January 11, 2018 9:11AM

Trump Undermines House GOP Leadership On FISA Reauthorization

Last night, the Office of Management and Budget (OMB) issued a Statement of Administration Policy (SAP) opposing the FISA Amendments Act Section 702 reform amendment offered by House members Ted Poe (R-TX), Zoe Lofgren (D-CA), Justin Amash (R-MI), Thomas Massie (R-KY) and several dozen others. Around the same, time GOP House Whip Steve Scalise's office circulated an email to all GOP members that included a falsehood-laden attack on bipartisan FISA reform amendment authored by House Intelligence Committee chairman Devin Nunes (R-CA):

GOP Whip Scalise email on FISA Sec. 702 alternative

In fact, the Poe/Lofgren/Amash/Massie substitute creates no such "barriers"--it would require federal authorities to get a probable cause-based warrant to search the stored communications of Americans acquired under Section 702. Exactly as the Fourth Amendment requires.

This morning, President Trump tweeted what appears to be opposition to the reauthorization of Section 702:

President Trump tweet on FISA Sec. 702 reauthorization

The House convenes at 9am today. The vote on the House GOP FISA Section 702 reauthorization bill and the Poe/Lofgren/Amash/Massie alternative will likely take place sometime between 10:30 and 11am. A live feed of the debate is available on the House Clerk website.

January 11, 2018 9:00AM

Minnesota’s Not‐​Nice Crackdown on “Political” Apparel

Imagine yourself waking up on November 8, 2016, and preparing to head to the polls for the culmination of nearly two years of presidential campaigning. You feel passionate about your favored candidate and so put on your “I’m With Her” t-shirt or your “Make America Great Again” hat, to show pride in your selection and solidarity with the cause. You stop off at your local polling place on the way to work and walk into the building, ready to pull the lever, like millions of other Americans taking part in the same collective ritual.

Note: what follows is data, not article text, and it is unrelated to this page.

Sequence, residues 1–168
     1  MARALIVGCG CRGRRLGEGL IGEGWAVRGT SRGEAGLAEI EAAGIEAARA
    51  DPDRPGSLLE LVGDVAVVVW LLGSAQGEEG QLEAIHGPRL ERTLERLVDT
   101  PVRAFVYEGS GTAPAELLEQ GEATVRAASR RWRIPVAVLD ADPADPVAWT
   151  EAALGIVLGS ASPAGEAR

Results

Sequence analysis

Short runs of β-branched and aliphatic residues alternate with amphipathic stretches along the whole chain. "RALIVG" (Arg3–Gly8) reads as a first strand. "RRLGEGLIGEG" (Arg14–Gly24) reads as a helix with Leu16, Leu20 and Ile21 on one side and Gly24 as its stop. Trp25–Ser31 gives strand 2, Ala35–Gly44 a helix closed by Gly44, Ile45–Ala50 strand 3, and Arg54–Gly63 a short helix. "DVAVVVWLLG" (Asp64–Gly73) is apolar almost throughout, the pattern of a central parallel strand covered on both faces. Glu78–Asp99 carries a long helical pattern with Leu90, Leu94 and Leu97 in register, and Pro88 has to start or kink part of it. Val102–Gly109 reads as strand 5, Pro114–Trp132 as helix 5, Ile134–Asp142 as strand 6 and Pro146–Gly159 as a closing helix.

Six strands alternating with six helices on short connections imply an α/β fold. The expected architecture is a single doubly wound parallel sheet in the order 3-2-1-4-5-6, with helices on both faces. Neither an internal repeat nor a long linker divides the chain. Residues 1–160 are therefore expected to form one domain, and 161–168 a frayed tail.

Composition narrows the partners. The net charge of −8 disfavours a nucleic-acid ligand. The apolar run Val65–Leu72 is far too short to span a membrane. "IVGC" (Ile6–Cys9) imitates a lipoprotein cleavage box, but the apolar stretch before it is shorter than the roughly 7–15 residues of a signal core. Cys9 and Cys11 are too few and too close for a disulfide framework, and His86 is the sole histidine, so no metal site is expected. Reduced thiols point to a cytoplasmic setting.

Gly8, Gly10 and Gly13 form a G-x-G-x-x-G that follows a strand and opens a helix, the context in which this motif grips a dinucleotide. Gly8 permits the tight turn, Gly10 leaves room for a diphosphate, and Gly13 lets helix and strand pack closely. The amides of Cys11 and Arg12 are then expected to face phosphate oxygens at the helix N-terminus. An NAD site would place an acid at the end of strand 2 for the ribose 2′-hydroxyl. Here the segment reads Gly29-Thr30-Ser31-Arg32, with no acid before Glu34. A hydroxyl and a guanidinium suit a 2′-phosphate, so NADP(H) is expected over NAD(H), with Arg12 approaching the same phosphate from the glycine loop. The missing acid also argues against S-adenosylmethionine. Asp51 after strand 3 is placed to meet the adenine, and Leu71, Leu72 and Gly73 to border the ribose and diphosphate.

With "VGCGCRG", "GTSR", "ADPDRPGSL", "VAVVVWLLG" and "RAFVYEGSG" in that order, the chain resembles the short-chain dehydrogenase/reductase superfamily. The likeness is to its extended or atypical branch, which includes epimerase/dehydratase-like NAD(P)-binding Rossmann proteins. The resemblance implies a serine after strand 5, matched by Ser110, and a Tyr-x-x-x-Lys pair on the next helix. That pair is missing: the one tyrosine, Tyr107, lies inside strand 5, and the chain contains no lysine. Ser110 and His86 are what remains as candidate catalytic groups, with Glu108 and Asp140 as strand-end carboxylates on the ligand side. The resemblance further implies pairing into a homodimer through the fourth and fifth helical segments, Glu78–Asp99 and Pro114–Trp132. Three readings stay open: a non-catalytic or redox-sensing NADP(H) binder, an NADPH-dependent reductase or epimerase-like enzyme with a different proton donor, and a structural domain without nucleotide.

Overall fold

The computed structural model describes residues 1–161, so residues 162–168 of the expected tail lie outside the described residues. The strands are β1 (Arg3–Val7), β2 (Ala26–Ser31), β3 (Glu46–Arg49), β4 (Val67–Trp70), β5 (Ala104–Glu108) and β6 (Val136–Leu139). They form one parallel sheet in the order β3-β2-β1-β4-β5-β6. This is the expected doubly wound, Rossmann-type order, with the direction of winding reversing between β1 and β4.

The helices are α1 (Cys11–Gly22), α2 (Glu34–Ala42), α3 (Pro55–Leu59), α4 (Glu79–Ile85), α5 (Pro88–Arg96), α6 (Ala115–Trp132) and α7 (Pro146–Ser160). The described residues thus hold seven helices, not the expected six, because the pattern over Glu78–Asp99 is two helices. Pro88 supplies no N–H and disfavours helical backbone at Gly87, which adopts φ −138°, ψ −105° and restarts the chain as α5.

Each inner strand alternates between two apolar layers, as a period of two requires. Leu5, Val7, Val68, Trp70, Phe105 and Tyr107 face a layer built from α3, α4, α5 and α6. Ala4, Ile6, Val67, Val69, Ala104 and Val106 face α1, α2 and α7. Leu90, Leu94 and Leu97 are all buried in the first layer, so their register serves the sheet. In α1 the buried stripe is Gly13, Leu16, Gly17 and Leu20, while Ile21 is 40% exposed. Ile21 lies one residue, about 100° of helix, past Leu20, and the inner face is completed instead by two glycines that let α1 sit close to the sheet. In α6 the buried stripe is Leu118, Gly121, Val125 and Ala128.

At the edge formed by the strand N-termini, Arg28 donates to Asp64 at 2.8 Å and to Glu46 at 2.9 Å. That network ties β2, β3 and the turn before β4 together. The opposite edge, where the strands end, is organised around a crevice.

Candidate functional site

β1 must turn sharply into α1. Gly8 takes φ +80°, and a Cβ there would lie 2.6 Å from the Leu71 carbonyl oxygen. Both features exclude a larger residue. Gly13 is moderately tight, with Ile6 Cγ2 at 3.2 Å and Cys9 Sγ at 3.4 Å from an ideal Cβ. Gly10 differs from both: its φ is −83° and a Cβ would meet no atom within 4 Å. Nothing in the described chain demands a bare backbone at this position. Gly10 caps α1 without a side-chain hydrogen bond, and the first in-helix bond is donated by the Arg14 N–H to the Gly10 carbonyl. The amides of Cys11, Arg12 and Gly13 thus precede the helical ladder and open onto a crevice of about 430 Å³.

We regret to inform you that, if you live in the state of Minnesota, you just broke the law. Minnesota prohibits any insignia deemed to be “political”—as determined solely at the discretion of the on-site election judges—from being worn into a polling place. When Minnesotans go to the polls, they may not convey to their fellow citizens that they are Republicans, or Democrats, or any “group with recognizable political views.”

There's no requirement that the insignia encourage voting one way or another, or even relate to any candidate or issue on the ballot. Voters violate the law by wearing a hat or shirt bearing nothing more than the words “Occupy” or “Tea Party,” a picture of a blue donkey or red elephant, or a button explaining that they are a member of their union local—or that they “Like Ike.”

It’s hard to imagine a law more offensive to the First Amendment than a blanket ban on political expression by voters exercising their franchise—not speech by way of campaigning or soliciting or otherwise distracting or confusing voters, mind you, but just by wearing. Citizens are entitled to express their support for the causes they value by means of the press, and the soapbox, and their wallets, and, if they choose, their attire. Sartorial symbolism possesses a long pedigree in American discourse, be it black armbands to protest foreign wars, a gloved fist raised in defiance of racism, or a jacket vulgarly denouncing conscription.